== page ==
Why do the busiest people seem to have the most time? They assess how much they can handle, and sometimes they decline additional tasks.
And they decline the right ones. It seems there’s a rule that 20 percent of your tasks will take up 80 percent of your time. (It would be a variant of the Pareto Principle, which says that, for example, 80 percent of beer sales come from the 20 percent of consumers who are heavy drinkers, and 80 percent of customer-support time is filled by 20 percent of callers.)
Of course, you can’t always say no. You’re part of a workplace hierarchy, and sometimes you’re handed tasks instead of offered them. Nor is an option to say ”no” a license to shirk work. But there are sometimes situations where you can better manage your workload by emulating Bartleby the scrivener, the Herman Melville character who brushed off all his boss’s requests that he do some work by saying, ”I would prefer not to.”
First, meet your commitments. A lyric from singer John Mellencamp says it well: ”It’s what you do, not what you say.” The street version is ”Walk the walk. Don’t just talk the talk.” Concentrate on the things you’re supposed to accomplish and their time frames. Once you’ve earned a reputation for getting things done, your ”no” will have more credibility.
Assess your time commitments. Keep track of your tasks and estimate the time they will take. I use Microsoft Outlook to list tasks and due dates. Upcoming tasks go in a folder named ”Due this week,” helping me monitor near-term overload—it’s the ”red zone” on my job’s thermometer. It provides a context to evaluate new requests for my time.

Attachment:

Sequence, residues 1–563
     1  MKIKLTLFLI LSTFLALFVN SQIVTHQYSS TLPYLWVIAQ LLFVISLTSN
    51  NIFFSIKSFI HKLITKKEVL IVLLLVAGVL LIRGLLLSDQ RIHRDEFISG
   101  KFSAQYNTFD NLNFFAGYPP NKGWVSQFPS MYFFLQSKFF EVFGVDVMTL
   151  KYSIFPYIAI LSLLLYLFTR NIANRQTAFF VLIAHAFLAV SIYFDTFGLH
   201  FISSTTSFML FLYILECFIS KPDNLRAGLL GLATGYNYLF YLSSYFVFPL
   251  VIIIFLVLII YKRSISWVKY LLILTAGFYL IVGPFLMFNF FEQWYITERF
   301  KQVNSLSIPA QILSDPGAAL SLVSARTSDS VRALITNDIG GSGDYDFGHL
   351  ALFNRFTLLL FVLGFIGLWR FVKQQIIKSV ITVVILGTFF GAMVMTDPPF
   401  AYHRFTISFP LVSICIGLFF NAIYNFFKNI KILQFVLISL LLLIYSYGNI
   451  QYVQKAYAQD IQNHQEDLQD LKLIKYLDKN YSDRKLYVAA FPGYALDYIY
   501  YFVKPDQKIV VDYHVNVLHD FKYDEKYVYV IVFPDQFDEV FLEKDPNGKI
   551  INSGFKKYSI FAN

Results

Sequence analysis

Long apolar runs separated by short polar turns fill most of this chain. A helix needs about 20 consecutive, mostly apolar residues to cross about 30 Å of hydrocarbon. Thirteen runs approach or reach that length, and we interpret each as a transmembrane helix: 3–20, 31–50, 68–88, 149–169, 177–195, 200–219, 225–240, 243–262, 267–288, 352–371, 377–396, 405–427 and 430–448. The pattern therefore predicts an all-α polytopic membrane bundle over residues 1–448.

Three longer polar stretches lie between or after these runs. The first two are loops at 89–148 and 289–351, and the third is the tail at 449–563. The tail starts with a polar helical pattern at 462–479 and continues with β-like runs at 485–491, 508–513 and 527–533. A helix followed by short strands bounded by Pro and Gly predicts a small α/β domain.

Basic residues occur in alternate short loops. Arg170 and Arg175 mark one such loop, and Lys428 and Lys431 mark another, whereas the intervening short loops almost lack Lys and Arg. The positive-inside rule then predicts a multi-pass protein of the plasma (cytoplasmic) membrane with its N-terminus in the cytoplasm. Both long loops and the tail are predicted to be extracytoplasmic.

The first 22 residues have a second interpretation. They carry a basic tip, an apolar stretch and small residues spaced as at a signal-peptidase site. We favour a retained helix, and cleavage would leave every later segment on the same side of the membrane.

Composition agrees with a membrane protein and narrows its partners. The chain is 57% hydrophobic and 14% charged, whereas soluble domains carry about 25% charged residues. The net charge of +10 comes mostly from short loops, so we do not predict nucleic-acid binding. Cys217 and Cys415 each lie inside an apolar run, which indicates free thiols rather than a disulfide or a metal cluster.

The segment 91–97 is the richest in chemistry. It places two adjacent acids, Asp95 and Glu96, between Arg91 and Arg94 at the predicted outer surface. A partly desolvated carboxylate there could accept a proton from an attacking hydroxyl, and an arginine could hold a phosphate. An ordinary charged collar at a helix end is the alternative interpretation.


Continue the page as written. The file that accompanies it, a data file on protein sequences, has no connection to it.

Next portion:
Know what’s important. Take on new things if there’s a fit. All types of commitments—from work, to extracurricular, to family—require the same parameter: hours of time. If you’re at your limit, try a ”zero sum” approach: take on new things only if you give up or cut back on something else.
This isn’t easy. I remember mentoring a rail signal engineer with 10 years’ experience who had too many commitments. Her performance was suffering, and she wasn’t organized enough to handle it all. I advised her to identify and drop two or three lower-priority activities, but she simply couldn’t and had to live with the stress.
Don’t be a perfectionist. Perfectionists seem to have a particular problem with saying no, and, what’s worse, they go on to take more time than needed, making them even less available for new tasks.
Learn how to say no without saying ”no.” Here are a couple of ways to tacitly assert the negative.
Ask if you can do it later. Emulate the sportscaster, Marv Albert. When offered yet another public appearance gig, instead of a flat-out ”no” his typical answer reportedly is, ”I’d really love to speak to your group, but I’m too busy now. Please contact me again in the future.” The work version of this would be ”My plate is full right now. Can this wait until [future date] when I can take it on? Or, I’d be able to handle this if I didn’t have to do X, or could put that off until [future date].”
Negotiate the scope of the item. Discuss how much really needs to be done. Ask if you could shift some of your tasks to someone else, reduce the scope of the task, or get more resources. Use ”no” as a starting point toward a better ”yes.”